Until it Hurts: America's Obsession with Youth Sports and how it Harms Our Kids

Front Cover
Beacon Press, 2009 - Family & Relationships - 146 pages
12 Reviews
Near the end of a long season, fourteen-year-old baseball pitcher Ben Hyman approached his father with disappointing, if not surprising, news: his pitching shoulder was tired. With each throw to home plate, he felt a twinge in his still maturing arm. Any doctor would have advised the young boy to take off the rest of the season. Author Mark Hyman sent his son out to pitch the next game. After all, it was play-off time.

Stories like these are not uncommon. Over the last seventy-five years, adults have staged a hostile takeover of kids' sports. In 2003 alone, more than 3.5 million children under age fifteen required medical treatment for sports injuries, nearly half of which were the result of simple overuse. The quest to turn children into tomorrow's superstar athletes has often led adults to push them beyond physical and emotional limits.

In Until It Hurts, journalist, coach, and sports dad Mark Hyman explores how youth sports reached this problematic state. His investigation takes him from the Little League World Series in Pennsylvania to a prestigious Chicago soccer club, from adolescent golf and tennis superstars in Atlanta to California volleyball players. He interviews dozens of children, parents, coaches, psychologists, surgeons, sports medicine specialists, and former professional athletes. He speaks at length with Whitney Phelps, Michael's older sister; retraces the story of A Very Young Gymnast, and its subject, Torrance York; and tells the saga of the Castle High School girls' basketball team of Evansville, Indiana, which in 2005 lost three-fifths of its lineup to ACL injuries. Along the way, Hyman hears numerous stories: about a mother who left her fifteen-year-old daughter at an interstate exit after a heated exchange over her performance during a soccer game, about a coach who ordered preteens to swim laps in three-hour shifts for twenty-four hours.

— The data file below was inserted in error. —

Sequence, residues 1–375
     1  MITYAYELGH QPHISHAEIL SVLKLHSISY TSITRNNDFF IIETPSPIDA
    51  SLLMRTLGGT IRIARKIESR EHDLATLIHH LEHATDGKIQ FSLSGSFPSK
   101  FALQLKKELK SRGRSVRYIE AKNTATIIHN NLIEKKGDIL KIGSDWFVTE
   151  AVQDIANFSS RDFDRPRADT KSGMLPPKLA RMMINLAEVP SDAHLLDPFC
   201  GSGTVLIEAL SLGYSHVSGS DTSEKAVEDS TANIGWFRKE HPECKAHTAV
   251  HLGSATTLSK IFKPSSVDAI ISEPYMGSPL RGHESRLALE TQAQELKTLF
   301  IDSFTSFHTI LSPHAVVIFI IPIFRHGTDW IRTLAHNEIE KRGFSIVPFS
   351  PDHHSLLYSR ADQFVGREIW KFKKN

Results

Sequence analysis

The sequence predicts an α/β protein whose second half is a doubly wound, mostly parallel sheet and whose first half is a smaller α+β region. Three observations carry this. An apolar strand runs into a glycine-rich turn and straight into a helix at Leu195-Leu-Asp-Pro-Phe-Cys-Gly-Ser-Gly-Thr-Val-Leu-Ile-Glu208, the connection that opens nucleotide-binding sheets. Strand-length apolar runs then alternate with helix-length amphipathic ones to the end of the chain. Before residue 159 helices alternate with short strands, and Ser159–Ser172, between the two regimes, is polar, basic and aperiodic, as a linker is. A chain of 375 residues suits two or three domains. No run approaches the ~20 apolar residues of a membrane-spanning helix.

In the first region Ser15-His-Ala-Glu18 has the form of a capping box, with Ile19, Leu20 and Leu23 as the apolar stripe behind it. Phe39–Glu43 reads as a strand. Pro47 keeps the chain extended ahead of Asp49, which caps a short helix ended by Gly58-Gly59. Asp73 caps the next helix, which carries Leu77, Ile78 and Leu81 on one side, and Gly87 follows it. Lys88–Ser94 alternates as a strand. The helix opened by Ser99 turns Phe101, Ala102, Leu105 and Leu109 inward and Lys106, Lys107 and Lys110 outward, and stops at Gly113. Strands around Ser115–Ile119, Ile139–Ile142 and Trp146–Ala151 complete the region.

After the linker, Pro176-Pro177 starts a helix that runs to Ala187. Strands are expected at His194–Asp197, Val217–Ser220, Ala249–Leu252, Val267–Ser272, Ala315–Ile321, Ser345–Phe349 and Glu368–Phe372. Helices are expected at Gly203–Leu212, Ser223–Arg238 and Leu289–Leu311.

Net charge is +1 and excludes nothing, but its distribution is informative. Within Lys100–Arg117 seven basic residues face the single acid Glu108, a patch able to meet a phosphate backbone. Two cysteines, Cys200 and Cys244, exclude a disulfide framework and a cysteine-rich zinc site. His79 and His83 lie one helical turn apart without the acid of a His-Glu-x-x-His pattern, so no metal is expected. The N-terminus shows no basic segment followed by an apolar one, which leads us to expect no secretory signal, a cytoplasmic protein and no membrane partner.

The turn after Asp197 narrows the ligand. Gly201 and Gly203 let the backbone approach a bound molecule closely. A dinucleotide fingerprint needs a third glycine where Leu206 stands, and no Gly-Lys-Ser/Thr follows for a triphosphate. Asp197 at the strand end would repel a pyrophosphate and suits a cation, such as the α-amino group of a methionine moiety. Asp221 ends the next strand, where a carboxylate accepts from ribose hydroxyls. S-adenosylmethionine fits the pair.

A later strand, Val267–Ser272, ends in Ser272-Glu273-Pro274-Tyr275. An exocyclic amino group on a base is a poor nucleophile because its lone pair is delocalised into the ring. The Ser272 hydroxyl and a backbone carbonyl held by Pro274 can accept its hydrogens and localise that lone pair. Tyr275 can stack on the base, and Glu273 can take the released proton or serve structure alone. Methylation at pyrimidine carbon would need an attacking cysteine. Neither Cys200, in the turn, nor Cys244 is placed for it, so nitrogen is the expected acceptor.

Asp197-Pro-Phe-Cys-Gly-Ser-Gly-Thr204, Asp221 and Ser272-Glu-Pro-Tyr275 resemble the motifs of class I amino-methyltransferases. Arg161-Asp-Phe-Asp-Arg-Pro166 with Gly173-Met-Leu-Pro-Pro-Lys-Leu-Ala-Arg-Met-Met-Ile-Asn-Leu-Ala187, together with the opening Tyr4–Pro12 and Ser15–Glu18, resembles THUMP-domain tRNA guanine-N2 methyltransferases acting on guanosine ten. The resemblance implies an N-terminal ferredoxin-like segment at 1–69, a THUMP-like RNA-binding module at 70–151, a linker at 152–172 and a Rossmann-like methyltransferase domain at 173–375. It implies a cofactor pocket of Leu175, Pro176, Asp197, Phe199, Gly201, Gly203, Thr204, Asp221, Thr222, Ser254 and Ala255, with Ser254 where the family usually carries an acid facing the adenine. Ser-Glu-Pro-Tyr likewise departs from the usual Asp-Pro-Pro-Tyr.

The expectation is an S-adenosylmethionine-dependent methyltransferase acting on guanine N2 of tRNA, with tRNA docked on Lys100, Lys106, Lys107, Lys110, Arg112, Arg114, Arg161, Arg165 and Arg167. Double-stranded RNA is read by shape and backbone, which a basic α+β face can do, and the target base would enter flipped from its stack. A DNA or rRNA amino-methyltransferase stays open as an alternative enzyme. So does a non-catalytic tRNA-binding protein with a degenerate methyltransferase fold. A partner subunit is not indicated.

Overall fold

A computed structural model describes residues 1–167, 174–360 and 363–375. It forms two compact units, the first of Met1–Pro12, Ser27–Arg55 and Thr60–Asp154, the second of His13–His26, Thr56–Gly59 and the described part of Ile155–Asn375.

Hyman's exploration leads him to examine the history of youth sports in our country and how it's evolved, particularly with the increasing involvement of girls and much more proactive participation of parents. With its unique multiple perspective-of history, of reporting, and of personal experience-this book delves deep into the complicated issue of sports for children, and opens up a much-needed discussion about the perils of youth sports culture today. Hyman focuses not only on the unfortunate cases of overzealous parents and overly ambitious kids, but also on how positive change can be made, and concludes by shining a spotlight on some inspirational parents and model sports programs, giving hope that the current destructive cycle can be broken.
  

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Review: Until It Hurts: America's Obsession with Youth Sports and How It Harms Our Kids

User Review  - Courtney Waltz - Goodreads

This book is good read about a youth sports in America. It provides some good reminders and things to think about as our 8 year old is entering the world of competitive sports. The book moves along ... Read full review

Review: Until It Hurts: America's Obsession with Youth Sports and How It Harms Our Kids

User Review  - Debbie Morrison - Goodreads

This book is one of the first of its kind to bring the problem of youth sports into the open. An essential read for the sports parent, coach, health care provider or anyone involved in youth sports ... Read full review

Selected pages

Contents

Hostile Takeover
1
Tiger Tracks
15
Parental Payoff
31
Equal Time
45
Until It Hurts
62
Miracles for All
79
Risking Everything
97
Im Angry Are You?
113
A Return to Fundamentals
125
Postscript
141
Copyright

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About the author (2009)

Mark Hyman is a journalist, frequently contributing to publications, such as The New York Times and Sports Illustrated, and he was a former writer for BusinessWeek and Sports Business Journal. In 1998, he assisted Baseball Hall of Fame broadcaster Jon Miller in the writing of his memoir, Confessions of a Baseball Purist. He has appeared on panels and led workshops for the Sports Lawyers Association, the American Press Institute and the Associated Press Sports Editors. In 2010 he was honored as one of 18 Sports Ethics Fellows by the Institute for International Sport at the University of Rhode Island and the Positive Coaching Alliance at Stanford University. He currently teaches in the sports management program at George Washington University.

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